ALS signed “A. Lincoln,” one page both sides, 8 x 10, December 4, 1858, penned at the conclusion of a letter sent to him by a client requesting his legal opinion. Lincoln's response, in full: "You have no lawful right to keep outsiders out by any contrivance whatever. You have the lawful right to prefer one fair creditor to another. In your case, you better mortgage all your real and personal property to your Father and Brother to indemnify them as your sureties. Make two mortgages, one for the real estate, and the other for the personal. In both recite truly the debts for which they are your sureties. Be careful that both mortgages are made acknowledged and recorded according to law. The greater danger of a mistake in this particular is as to the Chattel Mortgage; and, as to it, better refer to the Statute of Chattel Mortgages. I think such a course a better one than any to be affected through a deed of Trust. Any contrivance to give time in a deed of Trust would be held to be fraudulent." Impressively cloth-matted and framed with two engraved plaques, a portrait of Lincoln, and a copy of the front of the letter, to an overall size of 41 x 17.5; the frame backing features a window for viewing the opposite side of the letter. In fine condition. A highly desirable, boldly penned autograph letter from the period that brought him from senatorial defeat in 1858 to presidential success just two years later.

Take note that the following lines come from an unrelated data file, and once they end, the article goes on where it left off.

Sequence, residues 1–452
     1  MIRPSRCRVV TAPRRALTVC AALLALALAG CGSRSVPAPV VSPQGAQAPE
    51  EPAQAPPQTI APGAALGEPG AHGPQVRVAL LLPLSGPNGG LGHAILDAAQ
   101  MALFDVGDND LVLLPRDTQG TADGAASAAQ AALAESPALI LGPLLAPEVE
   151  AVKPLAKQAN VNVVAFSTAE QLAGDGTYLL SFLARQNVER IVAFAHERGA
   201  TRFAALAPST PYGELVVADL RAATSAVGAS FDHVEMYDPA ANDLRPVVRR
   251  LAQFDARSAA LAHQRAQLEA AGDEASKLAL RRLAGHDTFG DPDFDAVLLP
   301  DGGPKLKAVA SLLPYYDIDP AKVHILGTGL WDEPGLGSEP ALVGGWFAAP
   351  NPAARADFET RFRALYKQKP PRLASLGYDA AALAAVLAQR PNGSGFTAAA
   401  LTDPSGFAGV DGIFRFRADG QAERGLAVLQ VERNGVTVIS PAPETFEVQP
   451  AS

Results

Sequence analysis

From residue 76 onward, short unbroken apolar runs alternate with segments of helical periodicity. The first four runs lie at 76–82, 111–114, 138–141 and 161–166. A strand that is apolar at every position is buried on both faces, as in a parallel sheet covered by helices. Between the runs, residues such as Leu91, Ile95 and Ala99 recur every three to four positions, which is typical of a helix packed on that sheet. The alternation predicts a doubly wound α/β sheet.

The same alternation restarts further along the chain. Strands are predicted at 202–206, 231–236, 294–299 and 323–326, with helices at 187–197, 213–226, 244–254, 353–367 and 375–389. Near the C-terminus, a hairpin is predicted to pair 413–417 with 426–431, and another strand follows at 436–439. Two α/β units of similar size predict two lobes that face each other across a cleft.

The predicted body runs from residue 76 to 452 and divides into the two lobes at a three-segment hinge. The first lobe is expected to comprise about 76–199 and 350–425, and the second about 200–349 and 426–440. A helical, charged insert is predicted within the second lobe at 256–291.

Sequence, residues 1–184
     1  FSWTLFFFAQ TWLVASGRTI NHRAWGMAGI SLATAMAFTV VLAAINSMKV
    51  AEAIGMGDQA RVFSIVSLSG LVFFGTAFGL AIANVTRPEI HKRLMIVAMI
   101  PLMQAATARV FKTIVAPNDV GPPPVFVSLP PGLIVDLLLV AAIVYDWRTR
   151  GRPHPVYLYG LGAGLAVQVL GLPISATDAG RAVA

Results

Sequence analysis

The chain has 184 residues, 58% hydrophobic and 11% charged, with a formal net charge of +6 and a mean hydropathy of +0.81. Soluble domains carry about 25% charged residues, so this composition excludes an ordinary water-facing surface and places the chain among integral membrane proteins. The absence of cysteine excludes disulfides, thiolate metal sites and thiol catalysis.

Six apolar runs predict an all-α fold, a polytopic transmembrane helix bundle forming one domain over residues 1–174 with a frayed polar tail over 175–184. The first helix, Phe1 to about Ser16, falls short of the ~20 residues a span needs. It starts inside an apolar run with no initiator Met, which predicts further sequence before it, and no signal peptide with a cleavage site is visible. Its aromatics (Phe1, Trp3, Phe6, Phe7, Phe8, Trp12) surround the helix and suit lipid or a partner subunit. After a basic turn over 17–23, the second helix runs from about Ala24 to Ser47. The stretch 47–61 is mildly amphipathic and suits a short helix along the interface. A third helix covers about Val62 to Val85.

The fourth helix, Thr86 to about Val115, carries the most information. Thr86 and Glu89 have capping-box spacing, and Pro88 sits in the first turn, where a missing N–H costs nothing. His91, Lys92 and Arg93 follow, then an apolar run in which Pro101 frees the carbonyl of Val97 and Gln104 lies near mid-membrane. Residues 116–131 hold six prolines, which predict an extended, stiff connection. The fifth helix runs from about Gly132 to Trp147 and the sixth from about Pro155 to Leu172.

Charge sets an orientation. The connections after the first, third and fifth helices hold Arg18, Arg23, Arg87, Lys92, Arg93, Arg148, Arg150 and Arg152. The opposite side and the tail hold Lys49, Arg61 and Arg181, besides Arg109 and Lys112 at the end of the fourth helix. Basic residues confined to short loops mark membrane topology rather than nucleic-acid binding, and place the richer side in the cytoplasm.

Terms and abbreviations used in our descriptions.